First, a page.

Loading presentation...

Present Remotely

Send the link below via email or IM

Copy

Present to your audience

Start remote presentation

  • Invited audience members will follow you as you navigate and present
  • People invited to a presentation do not need a Prezi account
  • This link expires 10 minutes after you close the presentation
  • A maximum of 30 users can follow your presentation
  • Learn more about this feature in our knowledge base article

Do you really want to delete this prezi?

Neither you, nor the coeditors you shared it with will be able to recover it again.

DeleteCancel

Make your likes visible on Facebook?

Connect your Facebook account to Prezi and let your likes appear on your timeline.
You can change this under Settings & Account at any time.

No, thanks

Positive Learning Environments: Assessment Two

Work in progress
by

Anthony Vassallo

on 27 June 2013

Comments (0)

Please log in to add your comment.

Report abuse

Transcript of Positive Learning Environments: Assessment Two

Positive Learning Environments: Assessment Two

Anthony Vassallo, Daniella Karim & Daniel Babaic

SCENE ONE: Pre-production
SCENE TWO: Performance
SCENE Three: Post-production
Teaching is like the theatre; teachers are the actors, classrooms are the stage, lesson plans are the script and students are the audience. This presentation will look at different techniques, models and theories that are used to manage student behaviour, and will be divided into the three phases of production: pre-production, performance, and post- production. So let the show begin.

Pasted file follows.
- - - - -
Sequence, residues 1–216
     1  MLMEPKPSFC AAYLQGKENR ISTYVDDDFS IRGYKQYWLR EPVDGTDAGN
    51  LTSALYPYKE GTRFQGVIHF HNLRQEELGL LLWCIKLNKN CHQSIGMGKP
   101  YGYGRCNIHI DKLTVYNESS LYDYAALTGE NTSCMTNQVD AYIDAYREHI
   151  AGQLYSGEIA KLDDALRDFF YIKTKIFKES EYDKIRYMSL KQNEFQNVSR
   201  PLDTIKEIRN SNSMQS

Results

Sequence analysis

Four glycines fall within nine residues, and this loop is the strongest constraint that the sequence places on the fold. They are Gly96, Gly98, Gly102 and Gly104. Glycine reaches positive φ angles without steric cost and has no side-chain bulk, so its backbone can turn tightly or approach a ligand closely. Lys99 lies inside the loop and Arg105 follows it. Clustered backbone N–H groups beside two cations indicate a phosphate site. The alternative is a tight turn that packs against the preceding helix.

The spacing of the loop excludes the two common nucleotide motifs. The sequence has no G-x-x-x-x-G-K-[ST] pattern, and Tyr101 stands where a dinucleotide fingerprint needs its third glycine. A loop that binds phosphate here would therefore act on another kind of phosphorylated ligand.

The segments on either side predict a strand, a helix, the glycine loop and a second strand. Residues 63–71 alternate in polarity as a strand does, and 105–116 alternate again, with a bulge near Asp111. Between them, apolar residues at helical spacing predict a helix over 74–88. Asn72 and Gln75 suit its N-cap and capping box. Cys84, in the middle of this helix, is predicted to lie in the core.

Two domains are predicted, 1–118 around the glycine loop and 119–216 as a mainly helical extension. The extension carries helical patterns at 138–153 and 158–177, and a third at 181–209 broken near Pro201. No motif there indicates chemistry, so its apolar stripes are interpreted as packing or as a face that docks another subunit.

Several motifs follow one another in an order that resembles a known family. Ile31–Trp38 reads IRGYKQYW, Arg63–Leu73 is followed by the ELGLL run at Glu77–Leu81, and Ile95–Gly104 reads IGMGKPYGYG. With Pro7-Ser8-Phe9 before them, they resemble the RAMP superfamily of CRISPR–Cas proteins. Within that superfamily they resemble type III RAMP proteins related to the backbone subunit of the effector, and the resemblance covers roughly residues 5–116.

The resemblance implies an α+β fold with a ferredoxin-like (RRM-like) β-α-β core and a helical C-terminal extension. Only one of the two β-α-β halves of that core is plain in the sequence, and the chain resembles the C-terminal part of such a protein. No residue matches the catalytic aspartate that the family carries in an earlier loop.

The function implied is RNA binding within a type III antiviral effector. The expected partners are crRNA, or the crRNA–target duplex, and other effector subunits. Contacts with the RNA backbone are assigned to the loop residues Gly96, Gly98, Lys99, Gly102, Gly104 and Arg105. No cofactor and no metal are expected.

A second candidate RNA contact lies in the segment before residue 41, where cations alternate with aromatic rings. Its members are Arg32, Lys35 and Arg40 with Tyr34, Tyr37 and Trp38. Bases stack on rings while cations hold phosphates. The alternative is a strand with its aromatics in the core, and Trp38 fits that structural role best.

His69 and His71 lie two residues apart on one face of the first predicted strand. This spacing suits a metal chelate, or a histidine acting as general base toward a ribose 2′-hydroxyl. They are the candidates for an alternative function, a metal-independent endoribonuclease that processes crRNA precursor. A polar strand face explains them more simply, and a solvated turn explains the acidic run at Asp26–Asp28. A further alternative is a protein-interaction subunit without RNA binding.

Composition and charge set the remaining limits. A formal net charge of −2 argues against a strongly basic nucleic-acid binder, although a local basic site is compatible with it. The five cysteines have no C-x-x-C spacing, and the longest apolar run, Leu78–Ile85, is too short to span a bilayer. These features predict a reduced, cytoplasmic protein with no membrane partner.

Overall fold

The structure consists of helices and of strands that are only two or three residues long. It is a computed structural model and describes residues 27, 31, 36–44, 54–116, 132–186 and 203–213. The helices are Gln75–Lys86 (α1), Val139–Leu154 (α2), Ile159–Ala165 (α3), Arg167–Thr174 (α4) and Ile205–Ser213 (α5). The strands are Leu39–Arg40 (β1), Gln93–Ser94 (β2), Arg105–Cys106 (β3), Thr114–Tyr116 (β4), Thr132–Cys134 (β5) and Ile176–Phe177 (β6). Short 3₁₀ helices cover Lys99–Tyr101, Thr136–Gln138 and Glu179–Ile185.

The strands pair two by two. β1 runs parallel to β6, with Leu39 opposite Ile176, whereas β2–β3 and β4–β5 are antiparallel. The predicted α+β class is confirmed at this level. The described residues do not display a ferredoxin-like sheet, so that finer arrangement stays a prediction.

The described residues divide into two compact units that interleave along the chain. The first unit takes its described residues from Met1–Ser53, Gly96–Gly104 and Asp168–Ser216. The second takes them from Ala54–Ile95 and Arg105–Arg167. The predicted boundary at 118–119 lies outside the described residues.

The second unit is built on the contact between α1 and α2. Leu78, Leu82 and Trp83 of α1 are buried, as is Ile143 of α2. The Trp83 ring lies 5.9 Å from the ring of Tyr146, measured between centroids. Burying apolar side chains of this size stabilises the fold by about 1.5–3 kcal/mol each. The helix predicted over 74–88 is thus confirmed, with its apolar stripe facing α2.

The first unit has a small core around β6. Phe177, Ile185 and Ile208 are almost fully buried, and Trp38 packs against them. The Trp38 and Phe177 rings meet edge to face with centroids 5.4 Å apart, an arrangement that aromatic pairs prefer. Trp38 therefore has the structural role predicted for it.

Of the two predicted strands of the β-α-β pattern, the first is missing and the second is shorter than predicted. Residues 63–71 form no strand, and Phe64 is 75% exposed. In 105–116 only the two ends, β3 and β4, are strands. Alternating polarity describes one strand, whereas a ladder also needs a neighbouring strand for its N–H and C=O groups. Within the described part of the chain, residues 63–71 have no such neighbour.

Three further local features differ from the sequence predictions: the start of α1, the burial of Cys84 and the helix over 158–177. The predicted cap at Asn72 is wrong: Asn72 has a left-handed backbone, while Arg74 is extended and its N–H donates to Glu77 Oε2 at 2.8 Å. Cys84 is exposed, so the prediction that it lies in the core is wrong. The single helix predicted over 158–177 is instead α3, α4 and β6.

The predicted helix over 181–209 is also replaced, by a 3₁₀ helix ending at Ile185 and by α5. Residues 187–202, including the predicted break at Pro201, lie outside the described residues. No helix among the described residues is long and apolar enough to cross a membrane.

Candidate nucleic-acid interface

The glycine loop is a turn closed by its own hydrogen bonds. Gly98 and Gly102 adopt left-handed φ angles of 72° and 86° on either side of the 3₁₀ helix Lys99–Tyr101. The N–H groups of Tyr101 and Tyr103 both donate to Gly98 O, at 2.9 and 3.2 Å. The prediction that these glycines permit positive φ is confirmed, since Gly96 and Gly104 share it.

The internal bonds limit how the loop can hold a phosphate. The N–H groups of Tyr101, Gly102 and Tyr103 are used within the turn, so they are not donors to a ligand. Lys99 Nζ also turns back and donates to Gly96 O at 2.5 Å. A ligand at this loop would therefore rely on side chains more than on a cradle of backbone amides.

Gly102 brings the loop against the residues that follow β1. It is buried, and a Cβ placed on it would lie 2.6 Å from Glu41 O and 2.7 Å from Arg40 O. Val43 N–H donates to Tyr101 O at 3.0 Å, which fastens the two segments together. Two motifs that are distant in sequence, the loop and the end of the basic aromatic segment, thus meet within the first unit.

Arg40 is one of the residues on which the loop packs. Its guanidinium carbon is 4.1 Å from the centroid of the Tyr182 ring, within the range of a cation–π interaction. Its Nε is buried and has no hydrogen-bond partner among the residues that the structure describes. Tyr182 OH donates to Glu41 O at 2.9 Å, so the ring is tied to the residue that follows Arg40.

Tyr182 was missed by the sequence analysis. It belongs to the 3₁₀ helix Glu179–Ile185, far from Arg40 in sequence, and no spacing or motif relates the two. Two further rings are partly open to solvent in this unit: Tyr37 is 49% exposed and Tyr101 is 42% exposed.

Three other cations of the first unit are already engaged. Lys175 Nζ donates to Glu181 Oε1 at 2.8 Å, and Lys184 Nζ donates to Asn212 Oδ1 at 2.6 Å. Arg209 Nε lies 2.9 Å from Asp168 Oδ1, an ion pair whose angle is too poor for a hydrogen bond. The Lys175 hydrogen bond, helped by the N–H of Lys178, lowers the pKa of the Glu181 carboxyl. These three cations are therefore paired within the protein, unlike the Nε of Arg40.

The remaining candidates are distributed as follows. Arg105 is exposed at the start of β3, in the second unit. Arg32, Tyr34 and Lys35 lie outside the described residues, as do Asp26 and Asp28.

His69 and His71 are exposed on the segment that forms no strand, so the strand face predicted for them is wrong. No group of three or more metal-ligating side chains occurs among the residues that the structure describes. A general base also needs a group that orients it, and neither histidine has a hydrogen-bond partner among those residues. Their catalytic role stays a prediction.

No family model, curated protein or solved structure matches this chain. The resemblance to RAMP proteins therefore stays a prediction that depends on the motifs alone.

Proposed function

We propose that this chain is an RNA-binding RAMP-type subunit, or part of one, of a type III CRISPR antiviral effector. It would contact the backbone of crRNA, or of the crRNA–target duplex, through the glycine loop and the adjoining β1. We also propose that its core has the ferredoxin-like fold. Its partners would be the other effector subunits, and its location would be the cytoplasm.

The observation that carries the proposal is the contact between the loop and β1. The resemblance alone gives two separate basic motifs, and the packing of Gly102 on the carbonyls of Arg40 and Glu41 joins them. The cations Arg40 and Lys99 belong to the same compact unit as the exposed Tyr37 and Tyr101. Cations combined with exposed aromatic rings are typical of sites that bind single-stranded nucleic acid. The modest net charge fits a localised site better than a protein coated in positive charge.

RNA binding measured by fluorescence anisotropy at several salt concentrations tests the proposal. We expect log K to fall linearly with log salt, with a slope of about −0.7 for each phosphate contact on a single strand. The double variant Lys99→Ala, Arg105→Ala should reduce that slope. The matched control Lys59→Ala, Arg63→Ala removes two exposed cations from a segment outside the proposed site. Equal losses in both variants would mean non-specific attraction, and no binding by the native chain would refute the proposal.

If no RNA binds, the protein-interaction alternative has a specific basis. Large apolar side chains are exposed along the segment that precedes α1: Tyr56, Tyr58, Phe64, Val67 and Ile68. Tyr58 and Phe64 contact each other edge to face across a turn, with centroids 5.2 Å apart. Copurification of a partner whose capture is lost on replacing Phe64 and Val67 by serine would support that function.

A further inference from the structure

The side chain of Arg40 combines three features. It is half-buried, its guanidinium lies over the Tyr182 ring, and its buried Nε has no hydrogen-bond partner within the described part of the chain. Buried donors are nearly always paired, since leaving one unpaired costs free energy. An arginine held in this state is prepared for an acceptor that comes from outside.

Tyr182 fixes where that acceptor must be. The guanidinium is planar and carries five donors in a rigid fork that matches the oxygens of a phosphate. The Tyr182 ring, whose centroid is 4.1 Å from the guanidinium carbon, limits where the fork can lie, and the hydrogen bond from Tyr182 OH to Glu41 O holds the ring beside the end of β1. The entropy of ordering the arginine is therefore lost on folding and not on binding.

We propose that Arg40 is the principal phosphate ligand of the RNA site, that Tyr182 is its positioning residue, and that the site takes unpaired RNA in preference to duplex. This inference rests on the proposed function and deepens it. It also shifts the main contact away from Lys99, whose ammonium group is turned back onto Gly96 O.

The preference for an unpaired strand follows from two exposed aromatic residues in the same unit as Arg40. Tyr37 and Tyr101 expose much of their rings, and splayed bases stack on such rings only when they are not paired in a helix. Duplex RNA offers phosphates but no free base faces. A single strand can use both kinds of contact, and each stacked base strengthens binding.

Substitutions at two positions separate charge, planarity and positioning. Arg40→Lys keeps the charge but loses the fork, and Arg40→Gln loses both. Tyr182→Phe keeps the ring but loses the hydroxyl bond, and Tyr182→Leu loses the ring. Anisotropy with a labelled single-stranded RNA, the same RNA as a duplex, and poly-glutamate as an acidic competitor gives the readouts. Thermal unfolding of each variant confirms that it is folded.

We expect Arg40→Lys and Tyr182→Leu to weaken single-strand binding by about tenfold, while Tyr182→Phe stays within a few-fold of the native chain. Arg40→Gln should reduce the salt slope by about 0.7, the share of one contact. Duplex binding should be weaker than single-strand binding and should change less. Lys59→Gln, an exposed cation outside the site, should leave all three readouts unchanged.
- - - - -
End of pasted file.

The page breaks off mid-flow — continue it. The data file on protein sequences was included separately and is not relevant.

Prologue
Limitations
Advantages
Lights!
Camera!
Action!

• Prevention rather than cure.
• Law of requisite variety:
• 1st principle: creating a positive learning environment
• 2nd principle: engage your students
(Scannella, 2008)
• Collaborative/shared leadership style:
• Positives
• Negatives (Barnes & Toska, 2012)
• ‘Withitness’ (Kounin, 1970)
• BEPROACTIVE! (Mitchem, 2005)
• ABC -Antecedent, Behaviour, Consequences
(Lyons, Ford & Arthur-Kelly, 2011)
• Pace and predictability (Good & Brophy, 1994)
• Personal teaching model for managing behaviour.
(Charles & Senter, 2011) "A whole school approach"
Scene Four: Policy Analysis
Individual Reflection
My Journey - Daniella...
Individual Reflection
Group Reflection
Teachers establish a connection with students by showing understanding
Dreikur's 'Mistaken Goals': all misbehaviour reflects children's decision about how they can most effectively belong to, or be recognised by the group.
Doctor John W. Maag: “independant group-oriented contingency recognises the positive output of a single student of group of students to reinforce the entire class

What could go wrong?
What went well?
Student-Teacher struggle for power
Negative behaviour can influence a student to misbehave in class.
Student's social-emotional well-being is at stake in the classroom.
I''ve learnt behaviour management and student wellbeing is not....
I've learnt that behaviour management and student wellbeing is...
Promotes peer pressure, and sets expectations. If expectations cannot be met, student might show a negative attitude
The teacher is warm and welcoming, this creates a welcoming environment, and can assist in building in rapport.
Uses punishment and negative consequences to enforce limits.
This system of behaviour management is easy to implement.


Cooperation
Encouragement
Insight
Advice

Organisation
Dynamics
Environment
PLE
De Jong
Relationships
Wellbeing
Task-Orientated
Destructive
Collaboration
Communication
Kounin
Philosophy
Cohesion
Support
Full transcript